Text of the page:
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News from WLRH

Sul Ponticello is a musical term for string instruments meaning "near the bridge. The city of Decatur is situated on the Tennessee river and features many bridges, so it makes sense that a musical group from that city would call itself Orchestra Sul Ponticello. Conductor Viljar Weimann came by the WLRH studios to talk about this concert with special guests The Iron Horse Bluegrass Band who played live.

Thursday, May 14, 2015
Thursday, May 7, 2015

News from NPR

An appeals court reduced the sentence of former Korean Air executive Heather Cho. She demanded a plane return to the gate because her macadamia nuts weren't served in a manner to her liking.

Bill, Hillary and Chelsea Clinton charge hundreds of thousands of dollars to talk to banks, universities and other groups, and give the proceeds to the family's philanthropic foundation.

Michel Martin heads to Detroit for a live conversation with some of the creative forces fueling the Motor City's economy. She'll ask: What's driving Detroit's future now?

China is rolling out an ambitious soccer program. President Xi Jinping is reported to be a big fan who wants China to win a World Cup. Critics say there's too much emphasis on quick results.

Prosecutor Marilyn J. Mosby said at a news conference that the officers will be arraigned July 2. The charges against them are mostly similar to those announced May 1.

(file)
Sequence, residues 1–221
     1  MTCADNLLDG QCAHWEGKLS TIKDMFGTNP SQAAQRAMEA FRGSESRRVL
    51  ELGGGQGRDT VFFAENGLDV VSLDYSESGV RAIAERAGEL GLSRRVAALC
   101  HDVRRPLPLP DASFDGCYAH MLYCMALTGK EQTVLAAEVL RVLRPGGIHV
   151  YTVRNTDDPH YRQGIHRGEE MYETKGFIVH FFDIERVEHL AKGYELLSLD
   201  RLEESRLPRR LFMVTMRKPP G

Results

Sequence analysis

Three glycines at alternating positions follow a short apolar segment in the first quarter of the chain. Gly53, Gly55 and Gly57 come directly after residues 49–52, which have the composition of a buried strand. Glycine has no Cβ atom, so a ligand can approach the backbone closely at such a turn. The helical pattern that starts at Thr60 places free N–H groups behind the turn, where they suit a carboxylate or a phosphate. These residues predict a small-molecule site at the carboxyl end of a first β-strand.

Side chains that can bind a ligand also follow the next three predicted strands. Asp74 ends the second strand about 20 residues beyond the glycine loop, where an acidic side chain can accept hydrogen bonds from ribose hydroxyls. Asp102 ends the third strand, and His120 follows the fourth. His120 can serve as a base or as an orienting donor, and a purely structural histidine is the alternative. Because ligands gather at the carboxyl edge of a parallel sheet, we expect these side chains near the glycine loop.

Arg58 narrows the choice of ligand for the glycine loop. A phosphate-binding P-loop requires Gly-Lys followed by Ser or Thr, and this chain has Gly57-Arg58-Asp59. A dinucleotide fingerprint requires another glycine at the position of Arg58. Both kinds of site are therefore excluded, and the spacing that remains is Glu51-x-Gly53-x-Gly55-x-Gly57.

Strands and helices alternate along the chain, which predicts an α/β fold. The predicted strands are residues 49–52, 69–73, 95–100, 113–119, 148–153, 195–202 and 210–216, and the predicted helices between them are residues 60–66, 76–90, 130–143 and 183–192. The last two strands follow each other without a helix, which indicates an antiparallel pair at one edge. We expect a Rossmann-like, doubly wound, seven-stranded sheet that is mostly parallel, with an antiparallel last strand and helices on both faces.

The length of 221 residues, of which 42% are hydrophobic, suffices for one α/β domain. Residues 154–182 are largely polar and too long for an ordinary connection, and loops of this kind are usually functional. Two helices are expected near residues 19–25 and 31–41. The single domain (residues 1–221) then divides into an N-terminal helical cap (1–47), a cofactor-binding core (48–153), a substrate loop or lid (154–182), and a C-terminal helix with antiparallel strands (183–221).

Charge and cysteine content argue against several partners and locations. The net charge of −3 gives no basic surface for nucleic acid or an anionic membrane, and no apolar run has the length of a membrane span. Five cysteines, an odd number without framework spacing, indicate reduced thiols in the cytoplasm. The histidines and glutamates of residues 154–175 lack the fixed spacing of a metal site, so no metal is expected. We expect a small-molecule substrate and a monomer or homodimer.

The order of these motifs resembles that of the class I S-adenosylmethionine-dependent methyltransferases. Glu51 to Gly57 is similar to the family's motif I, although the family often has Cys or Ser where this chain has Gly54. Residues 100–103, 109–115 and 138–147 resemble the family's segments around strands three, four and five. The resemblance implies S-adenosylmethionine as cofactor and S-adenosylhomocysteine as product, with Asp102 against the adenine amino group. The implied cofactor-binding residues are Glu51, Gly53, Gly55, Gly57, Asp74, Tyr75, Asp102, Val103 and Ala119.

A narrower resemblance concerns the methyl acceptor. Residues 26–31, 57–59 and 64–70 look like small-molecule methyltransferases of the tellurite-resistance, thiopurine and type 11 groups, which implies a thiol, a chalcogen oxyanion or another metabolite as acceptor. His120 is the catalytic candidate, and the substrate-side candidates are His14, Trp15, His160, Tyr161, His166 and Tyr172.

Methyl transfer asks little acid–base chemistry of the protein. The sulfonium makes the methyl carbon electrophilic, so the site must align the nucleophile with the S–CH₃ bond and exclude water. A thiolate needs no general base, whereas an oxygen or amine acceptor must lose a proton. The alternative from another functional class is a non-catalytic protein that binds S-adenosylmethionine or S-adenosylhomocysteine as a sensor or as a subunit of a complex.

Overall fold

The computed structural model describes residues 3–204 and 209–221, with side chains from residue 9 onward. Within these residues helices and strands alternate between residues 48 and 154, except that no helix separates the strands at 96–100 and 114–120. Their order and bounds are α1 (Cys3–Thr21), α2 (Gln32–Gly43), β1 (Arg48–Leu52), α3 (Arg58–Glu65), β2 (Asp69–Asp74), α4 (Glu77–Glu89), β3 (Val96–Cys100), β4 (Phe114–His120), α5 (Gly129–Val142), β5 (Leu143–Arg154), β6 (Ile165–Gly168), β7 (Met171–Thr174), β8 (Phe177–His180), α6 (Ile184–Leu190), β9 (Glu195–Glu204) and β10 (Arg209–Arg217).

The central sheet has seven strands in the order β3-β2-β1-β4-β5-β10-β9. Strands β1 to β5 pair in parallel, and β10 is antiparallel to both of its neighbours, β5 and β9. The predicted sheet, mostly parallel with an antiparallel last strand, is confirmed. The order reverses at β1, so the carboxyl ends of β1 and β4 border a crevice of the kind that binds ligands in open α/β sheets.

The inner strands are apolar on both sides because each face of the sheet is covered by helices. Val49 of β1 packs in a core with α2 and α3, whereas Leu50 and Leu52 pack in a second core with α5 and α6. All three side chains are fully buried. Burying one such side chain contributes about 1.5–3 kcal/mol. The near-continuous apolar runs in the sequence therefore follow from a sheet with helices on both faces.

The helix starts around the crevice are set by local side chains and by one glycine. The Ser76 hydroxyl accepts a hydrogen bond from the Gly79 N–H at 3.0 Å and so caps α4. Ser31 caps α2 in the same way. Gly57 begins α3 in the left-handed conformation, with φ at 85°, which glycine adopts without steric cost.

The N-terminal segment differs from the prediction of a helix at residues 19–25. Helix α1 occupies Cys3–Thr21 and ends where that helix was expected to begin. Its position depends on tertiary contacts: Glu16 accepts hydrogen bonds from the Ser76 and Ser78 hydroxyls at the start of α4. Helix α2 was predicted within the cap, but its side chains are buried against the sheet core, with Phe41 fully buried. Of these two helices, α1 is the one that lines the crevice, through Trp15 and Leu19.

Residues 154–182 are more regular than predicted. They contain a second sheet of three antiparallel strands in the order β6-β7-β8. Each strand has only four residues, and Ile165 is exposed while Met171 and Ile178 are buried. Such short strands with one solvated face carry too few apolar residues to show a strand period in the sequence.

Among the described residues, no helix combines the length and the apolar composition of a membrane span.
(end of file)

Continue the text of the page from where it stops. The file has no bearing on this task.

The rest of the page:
Officials say the skills are tested by other tasks, like turning a car around. As of yet, using backup cameras on a driving test isn't allowed.

Popular myth has long credited New York's soft water for the city's irresistibly crusty, chewy bagels. But the chemistry behind a superior bagel is more complicated.

An NPR analysis of equipment given to police agencies by the Pentagon since 2006 — 84,258 assault rifles, 951 armored vehicles, for example — found a vast majority of it would fall outside the ban.

In veiled conversations, some doctors may explain to dying patients how to hasten death. But overwhelmed families are left with profound questions and the feeling that no one can answer them.

Douglas Mark Hughes faces up to 9 1/2 years in prison. He was arrested after his April 15 flight from Gettysburg, Pa., to Washington, and has been under house arrest since then.

Robert Gates, a former CIA director and former defense secretary, told the organization, "We must deal with the world as it is, not as we might wish it to be."

Doug Hughes flew into Washington, D.C., on something resembling a hybrid bicycle and helicopter. He did it to protest money in politics, but he could face up to a decade in prison. He has no regrets.

Answering the call of nature in the open is all too common when families don't have other options. But now the country has its first zone that's free of open defecation.

Prosecutors say clerics accused the couple of burning a page of the Quran and helped incite a mob to incinerate them in a brick kiln.

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